Value based care is slowly becoming prominent within the Australian healthcare system. It's underlying premise is about ‘handing over the reins’ to the patient, giving them optimal care, delivered by the best medical professionals.
What is value based care?
Value based care is a theory developed by Michael Porter, Harvard University Professor in 2004. He released his findings in his book Redefining Health Care Creating Value-Based Competition on Results which was published in 2006, co-authored by Elizabeth O. Teisberg.
Value based care focuses on competition and improvement. The Harvard Institute for Strategy and Competitiveness explains.
"[Porter and Teisberg] proposed a single unifying goal for health care: to deliver value for the patient. Based on their extensive research, they proposed that to achieve value for patients, health care delivery needed to be organised around the medical conditions patients have, accurately measure the outcomes that matter to patients, and measure the cost to achieve them.
"Payment should reflect value and not volume. Networks of care that perform the right services, at the right location, with the right people are essential, and linked with an information technology system that supports all of those mutually reinforcing elements."
In the present healthcare environment, the value based care model is being favoured for increasing efficiency and relieving pressure on a practice’s bottom line.
"A successful transition to value based care requires that market players and consumers move beyond transaction-based treatment to the holistic health of populations." – Deloitte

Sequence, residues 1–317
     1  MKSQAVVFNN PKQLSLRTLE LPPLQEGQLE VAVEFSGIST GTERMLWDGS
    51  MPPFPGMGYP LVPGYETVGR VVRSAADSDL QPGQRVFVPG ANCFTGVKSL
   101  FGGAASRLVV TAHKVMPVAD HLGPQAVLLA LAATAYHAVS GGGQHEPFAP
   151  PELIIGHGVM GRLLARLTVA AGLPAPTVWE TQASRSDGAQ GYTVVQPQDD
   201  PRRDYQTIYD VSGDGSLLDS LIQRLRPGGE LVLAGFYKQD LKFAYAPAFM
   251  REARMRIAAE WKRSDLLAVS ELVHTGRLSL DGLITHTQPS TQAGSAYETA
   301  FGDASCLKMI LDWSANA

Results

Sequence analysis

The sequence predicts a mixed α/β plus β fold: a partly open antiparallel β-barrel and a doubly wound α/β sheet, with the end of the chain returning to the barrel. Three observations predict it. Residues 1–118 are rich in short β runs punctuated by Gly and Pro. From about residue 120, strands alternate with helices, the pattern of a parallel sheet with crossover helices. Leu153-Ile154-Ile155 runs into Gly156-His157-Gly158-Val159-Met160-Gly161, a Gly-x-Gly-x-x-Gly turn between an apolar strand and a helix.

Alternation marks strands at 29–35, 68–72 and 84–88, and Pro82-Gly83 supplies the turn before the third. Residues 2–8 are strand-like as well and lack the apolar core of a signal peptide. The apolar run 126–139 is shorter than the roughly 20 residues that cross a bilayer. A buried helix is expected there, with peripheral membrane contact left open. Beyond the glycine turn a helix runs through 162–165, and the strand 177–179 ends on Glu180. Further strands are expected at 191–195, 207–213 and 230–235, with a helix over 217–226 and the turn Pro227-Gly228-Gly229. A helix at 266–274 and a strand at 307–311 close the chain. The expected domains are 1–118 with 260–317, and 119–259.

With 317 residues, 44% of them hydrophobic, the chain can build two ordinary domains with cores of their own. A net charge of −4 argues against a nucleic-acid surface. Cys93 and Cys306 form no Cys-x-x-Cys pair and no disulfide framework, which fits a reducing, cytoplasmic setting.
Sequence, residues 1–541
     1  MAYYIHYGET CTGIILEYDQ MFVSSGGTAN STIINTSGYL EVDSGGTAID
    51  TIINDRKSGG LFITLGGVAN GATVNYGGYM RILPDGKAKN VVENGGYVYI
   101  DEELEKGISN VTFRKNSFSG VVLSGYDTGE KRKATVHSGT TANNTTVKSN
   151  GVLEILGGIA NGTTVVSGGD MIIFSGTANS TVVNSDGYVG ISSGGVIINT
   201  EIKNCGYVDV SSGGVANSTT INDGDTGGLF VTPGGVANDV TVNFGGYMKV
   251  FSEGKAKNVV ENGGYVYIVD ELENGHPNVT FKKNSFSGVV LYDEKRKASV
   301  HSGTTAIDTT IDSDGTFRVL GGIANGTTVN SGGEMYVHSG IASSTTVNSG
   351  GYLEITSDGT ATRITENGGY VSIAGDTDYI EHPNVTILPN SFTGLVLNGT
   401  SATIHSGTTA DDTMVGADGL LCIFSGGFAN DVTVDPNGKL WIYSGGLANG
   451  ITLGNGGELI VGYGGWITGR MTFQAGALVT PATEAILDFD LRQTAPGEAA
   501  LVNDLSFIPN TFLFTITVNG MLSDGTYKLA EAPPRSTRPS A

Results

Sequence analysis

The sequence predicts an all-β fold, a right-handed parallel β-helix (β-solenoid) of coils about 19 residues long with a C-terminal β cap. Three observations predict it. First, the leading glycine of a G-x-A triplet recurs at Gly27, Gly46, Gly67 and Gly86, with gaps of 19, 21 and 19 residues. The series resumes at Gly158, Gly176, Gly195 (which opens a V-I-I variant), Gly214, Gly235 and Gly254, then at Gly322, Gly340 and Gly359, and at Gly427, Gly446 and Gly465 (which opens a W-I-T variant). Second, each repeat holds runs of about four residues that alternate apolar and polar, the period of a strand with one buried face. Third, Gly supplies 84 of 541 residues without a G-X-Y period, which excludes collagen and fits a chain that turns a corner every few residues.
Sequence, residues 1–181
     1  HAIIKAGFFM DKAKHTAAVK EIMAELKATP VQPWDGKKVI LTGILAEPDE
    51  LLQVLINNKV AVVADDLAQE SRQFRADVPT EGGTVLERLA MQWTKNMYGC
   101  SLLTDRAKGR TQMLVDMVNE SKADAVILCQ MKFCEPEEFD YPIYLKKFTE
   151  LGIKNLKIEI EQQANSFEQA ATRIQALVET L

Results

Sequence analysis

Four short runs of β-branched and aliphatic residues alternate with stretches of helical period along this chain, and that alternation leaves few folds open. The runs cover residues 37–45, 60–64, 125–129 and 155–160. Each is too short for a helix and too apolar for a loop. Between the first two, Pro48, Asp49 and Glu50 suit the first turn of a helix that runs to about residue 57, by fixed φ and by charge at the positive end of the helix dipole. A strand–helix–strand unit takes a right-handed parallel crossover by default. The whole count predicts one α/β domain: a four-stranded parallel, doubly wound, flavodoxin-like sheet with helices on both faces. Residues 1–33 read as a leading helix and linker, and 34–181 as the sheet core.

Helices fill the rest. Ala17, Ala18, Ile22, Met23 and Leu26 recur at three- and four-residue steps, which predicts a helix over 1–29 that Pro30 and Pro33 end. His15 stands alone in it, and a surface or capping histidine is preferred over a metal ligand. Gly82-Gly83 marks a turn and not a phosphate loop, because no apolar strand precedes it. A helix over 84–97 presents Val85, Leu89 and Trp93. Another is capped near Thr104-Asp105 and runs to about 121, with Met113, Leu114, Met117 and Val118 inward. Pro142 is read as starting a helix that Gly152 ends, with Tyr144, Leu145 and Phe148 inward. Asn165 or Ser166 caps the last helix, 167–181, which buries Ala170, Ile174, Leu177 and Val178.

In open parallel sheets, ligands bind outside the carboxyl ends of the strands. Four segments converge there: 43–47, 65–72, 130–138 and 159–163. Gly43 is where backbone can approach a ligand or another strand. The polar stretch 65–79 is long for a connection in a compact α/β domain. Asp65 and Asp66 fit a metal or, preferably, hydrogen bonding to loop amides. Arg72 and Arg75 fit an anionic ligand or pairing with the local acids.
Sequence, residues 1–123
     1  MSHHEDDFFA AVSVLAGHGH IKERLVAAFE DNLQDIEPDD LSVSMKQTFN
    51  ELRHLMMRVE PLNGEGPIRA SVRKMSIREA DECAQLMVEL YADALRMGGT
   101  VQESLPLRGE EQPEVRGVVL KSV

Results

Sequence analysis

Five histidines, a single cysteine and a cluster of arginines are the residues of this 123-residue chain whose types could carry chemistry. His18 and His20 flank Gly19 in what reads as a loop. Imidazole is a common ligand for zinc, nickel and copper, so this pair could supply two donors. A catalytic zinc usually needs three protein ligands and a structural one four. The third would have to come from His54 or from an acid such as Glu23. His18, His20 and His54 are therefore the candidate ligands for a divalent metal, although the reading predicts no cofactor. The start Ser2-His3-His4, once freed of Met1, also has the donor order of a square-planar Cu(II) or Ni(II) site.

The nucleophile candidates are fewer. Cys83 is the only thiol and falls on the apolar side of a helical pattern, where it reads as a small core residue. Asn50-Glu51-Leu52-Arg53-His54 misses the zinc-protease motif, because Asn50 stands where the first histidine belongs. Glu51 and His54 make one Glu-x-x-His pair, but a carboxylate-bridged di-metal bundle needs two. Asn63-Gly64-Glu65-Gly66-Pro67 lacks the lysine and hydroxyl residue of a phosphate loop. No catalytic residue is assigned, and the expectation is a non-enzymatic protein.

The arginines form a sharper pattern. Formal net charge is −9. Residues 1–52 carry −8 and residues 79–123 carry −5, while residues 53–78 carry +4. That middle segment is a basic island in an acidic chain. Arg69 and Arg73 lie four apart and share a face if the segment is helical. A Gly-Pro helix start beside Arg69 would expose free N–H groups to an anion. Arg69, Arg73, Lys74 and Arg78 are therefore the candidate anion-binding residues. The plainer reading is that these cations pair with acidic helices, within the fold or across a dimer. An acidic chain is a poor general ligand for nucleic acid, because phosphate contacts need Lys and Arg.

Elements of value based care
According to Professor Porter there are six elements necessary to value based care.
1. Organise care around medical conditions: Care delivery is organised around patients' medical conditions or segments of the population.
2. Measure outcomes and cost for every patient: Outcomes and cost are measured for every patient.
3. Aligning reimbursement with value: Reimbursement models that reward both better outcomes and efficiency of care, such as bundled payments.
4. Systems integration: Regional delivery of care organised around matching the correct provider, treatment, and setting.
5. Geography of care: National centres of excellence providing care for exceedingly complex patients.
6. Information technology: An information technology system designed to support the major elements of the agenda.
Since its introduction in 2004 through a Harvard Business Review article, there has been a global uptake in implementation of these elements. According to Harvard there has been an increase in peer-reviewed publications addressing value based healthcare.